The economics of vertical farming
Credit: meryll / Adobe Stock
Building and operating a vertical farm is a costly endeavor, requiring a substantial initial investment in state-of-the-art technology, real estate, and construction. AgFunderNews (AFN) estimates that it can cost $15 million to construct a modern vertical farm. Fortunately, investors see the potential in vertical farming, and the industry has attracted more than $1 billion in investments since 2015. That includes $100 million for Aerofarms. Plenty, Inc raised $200 million in 2017 from a fund backed by such respected forward-thinkers as Jeff Bezos and Alphabet chairman Eric Schmidt.
AFN is particularly excited by the potential of what they call second-generation vertical farming technology. They cite advances in LED technology — expected to increase energy efficiency by 70 percent by 2030 — and increasingly sophisticated automation that can streamline the operation of vertical farms. AFN anticipates operating cost reduction of 12 percent due to improvements in lighting and another 20 percent from advances in automation.
BusinessWire says that the vertical farming produce market was valued at nearly $240 million in 2019, and they expect it to grow 20 percent annually to over $1 billion by 2027.
A welcome disruption
Veritical farming will be disruptive.
Vertical farming would eliminate the need for the arduous work of harvesting crops by hand from vast tracts of farmland. Current picking jobs, the company says, can be replaced by better-paying, full-time jobs available 365 days a year in better working conditions — and in the variety of geographic locations in which vertical farms can operate.
There are two caveats, however. First, the number of people needed to manage and harvest vertical farm crops will be far fewer than the many farmworkers required for less efficiently planted traditional fields. Second, with automation becoming ever-more capable — and perhaps a key to eventual profitability — one wonders just how many new jobs ultimately will be created.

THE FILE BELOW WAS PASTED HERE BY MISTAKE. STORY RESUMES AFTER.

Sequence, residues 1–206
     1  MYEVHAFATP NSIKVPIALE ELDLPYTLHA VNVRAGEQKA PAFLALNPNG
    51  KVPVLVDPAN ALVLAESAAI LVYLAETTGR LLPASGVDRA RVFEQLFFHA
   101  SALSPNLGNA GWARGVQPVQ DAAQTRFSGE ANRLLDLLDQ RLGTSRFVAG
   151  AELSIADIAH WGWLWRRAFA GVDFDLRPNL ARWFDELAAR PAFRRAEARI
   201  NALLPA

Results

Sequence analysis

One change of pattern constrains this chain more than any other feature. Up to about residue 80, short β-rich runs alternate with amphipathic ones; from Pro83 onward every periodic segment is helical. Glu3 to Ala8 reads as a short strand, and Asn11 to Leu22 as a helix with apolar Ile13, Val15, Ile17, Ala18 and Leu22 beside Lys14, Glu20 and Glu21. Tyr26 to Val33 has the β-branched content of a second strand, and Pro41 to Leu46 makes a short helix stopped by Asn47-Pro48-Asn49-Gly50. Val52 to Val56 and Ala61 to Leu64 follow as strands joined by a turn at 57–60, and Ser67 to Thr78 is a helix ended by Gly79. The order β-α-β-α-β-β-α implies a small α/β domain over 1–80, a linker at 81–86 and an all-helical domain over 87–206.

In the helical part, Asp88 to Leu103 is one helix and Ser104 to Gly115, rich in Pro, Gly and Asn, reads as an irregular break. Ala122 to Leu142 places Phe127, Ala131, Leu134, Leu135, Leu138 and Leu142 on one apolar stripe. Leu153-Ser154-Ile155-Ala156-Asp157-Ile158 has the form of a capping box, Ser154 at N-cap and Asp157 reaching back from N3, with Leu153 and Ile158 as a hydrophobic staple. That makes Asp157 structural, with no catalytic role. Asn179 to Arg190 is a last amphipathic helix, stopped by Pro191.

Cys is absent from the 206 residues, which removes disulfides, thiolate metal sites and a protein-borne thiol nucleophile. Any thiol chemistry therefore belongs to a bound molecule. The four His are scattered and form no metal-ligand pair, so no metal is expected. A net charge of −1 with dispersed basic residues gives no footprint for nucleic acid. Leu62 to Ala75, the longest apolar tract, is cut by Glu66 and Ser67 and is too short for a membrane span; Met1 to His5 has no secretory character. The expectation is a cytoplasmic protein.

But the societal benefits far outweigh any costs. As Plenty's Storey muses, "Like most everything in the world, we can only save our species if it makes economic sense." Thankfully, it does make economic sense.
"It's not always about agreement, more often it's about business."
The roots of Dutch tolerance run deep. Perhaps its sources are to be found in centuries old Calvinist prescriptions, according to which everyone has the right to interpret the Bible in their own way.
Or maybe in the economy, since international trade necessitated respect for others.
"According to our report, there is no such thing as Dutch national identity," announced Máxima, Queen of the Netherlands, in 2007, which delighted some, outraged others, and left others still unimpressed. This expert report commissioned by the authorities was to establish how the citizens of the country identified with it. The words of Máxima, who herself comes from Argentina and learned Dutch only after her marriage to Willem-Alexander, were quoted in various talk shows and press articles, and the Dutch have quarrelled over them at home tables on more than one occasion since. After all, it is a nation that loves to argue.
The word 'tolerance' doesn't itself appear in the queen's speech. Rather, it resounds between the lines. The monarch recalled the Dutch boys of Moroccan descent who guided her around Marrakesh, switching from fluent Arabic to equally fluent Dutch. She also spoke of Semra, a Turkish national, who, having passed her exams at a Dutch university, displayed in her window both the Turkish and the Dutch flag.
In the 1970s, research published by the British author and scholar Christopher Bagley pointed to tolerance as one of the three national traits chosen by the Dutch to define their own collective attitude. We shall inspect the other two a bit later, but first, let us concentrate on what the researchers agree on. Tolerance, the trait that has become pretty much synonymous with the Dutch around the world, has its roots in something much older than the present-day multicultural society of the country. In order to understand the phenomenon of Dutch tolerance, we will need to explain not only this concept, but a few others as well, including pillars, the poldermodel and gedoogbeleid.
Feel free to pray, just not here
"In a country where international trade makes for the society's basic source of income, citizens grow tolerant by themselves," claims Herman Pleij, a popular cultural history professor and writer. He adds that the greatest driving force behind Dutch tolerance is its citizens' belief that it is simply good for the economy. The Dutch treat politics like business.